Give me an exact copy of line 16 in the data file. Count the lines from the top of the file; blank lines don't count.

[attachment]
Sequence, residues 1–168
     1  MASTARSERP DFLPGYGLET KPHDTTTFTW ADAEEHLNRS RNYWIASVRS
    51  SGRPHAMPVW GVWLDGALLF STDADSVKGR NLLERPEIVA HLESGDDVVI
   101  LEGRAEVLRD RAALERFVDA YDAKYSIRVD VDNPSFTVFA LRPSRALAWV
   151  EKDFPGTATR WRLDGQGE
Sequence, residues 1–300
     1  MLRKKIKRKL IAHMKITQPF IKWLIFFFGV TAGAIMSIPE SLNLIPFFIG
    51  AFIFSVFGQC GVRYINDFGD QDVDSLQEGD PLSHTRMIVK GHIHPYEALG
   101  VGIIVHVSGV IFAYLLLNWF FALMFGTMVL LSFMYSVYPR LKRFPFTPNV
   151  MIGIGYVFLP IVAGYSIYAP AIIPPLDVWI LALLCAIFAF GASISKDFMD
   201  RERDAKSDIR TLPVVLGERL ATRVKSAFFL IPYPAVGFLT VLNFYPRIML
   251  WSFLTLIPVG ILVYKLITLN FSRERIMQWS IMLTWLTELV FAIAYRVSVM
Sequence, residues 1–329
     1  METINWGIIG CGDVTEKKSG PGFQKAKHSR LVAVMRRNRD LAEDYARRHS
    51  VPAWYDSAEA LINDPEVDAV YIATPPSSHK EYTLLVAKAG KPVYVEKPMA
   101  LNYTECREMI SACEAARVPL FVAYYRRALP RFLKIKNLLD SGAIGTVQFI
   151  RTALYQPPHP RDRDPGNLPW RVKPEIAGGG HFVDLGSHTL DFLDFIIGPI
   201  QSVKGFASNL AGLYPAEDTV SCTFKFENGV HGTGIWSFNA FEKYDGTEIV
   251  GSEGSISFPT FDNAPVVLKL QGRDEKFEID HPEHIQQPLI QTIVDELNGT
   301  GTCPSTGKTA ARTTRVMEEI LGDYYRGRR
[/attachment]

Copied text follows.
   101  LNYTECREMI SACEAARVPL FVAYYRRALP RFLKIKNLLD SGAIGTVQFI